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D.C. To Start Study Of Nine-Mile Streetcar Line From Buzzard Point To Takoma

D.C. has started testing streetcars on a track in Anacostia.
D.C. Department of Transportation
D.C. has started testing streetcars on a track in Anacostia.

The District Department of Transportation is launching a one-year study of a nine-mile, north-south streetcar line between Buzzard Point in Southwest D.C. and Takoma in Northwest, a key segment of a planned 22-mile priority streetcar system that is supposed to be part of a District-wide transportation network with Metro buses and the D.C. Circulator.

The north-south line would cross multiple neighborhoods: the Southwest waterfront, downtown, Shaw, Columbia Heights, Petworth, and Takoma, and would involve crossing the National Mall. Engineers will spend the next 12 to 14 months examining the construction challenges each neighborhood presents while DDOT’s outreach staff will work with the public about traffic and parking concerns.

“There are going to be issues with things like crossing the mall. There are going to be historic view sheds. There are squares and circles that make it difficult from a traffic perspective to figure out how a service such as this would work,” said Jamie Henson, the project manager at DDOT.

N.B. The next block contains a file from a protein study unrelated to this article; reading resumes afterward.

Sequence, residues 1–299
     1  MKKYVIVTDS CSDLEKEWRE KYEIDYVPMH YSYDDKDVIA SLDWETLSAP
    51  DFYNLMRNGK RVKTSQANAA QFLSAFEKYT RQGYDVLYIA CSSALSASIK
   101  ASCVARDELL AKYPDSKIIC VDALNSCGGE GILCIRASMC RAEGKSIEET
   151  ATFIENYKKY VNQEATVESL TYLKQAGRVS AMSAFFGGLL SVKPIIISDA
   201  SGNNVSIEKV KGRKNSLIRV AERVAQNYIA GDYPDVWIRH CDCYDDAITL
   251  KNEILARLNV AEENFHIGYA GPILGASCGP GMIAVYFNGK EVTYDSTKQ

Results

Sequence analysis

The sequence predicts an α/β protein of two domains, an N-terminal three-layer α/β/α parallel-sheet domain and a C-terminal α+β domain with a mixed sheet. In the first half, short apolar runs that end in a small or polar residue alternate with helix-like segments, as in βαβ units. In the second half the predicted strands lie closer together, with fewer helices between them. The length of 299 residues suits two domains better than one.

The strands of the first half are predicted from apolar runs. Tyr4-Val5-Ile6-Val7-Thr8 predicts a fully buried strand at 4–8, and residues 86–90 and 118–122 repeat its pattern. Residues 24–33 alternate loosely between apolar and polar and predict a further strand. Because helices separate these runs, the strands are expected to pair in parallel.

DDOT will be tasked with assessing the transportation needs in the planned streetcar corridor. Four Metro bus routes that carry 60,000 passengers per day currently run parallel to the possible streetcar path.

“The streetcar would not replace those bus routes, and that is part of what the study is for, to figure out how the streetcar will integrate, so that we have a better integrated service throughout our city to better serve our residents,” Henson said.

While each neighborhood along the nine-mile route presents unique challenges, one issue is relevant everywhere, said Veronica Davis, DDOT’s public outreach coordinator.

“People are concerned about how this will impact traffic, how it will impact parking. Those are some of things we are going to have to look at as part of this study,” she said. “One of the things we will do at the first meeting is to try to find out from the residents, how do you move now? Where do you go and how to do get there?”

Once this initial study is completed and the environmental approval process is underway, DDOT will be looking for a contractor to design, build, finance, operate and maintain the streetcar, Metro buses whose routes are entirely within the District’s border, and D.C. Circulator – as part of a public-private partnership. Project spokeswoman Dara Ward said finding a contractor to handle all aspects of the transportation network’s construction and operations would speed up its completion.

“We feel it could take around five years to get these 22 miles built out and if the District had to do this piece by piece it could take anywhere from 17 to 20 years to get this done,” she said.

DDOT plans to begin the public outreach process and meet with neighborhood stakeholders in the coming weeks. The agency is asking the public to sign up for future meetings here.

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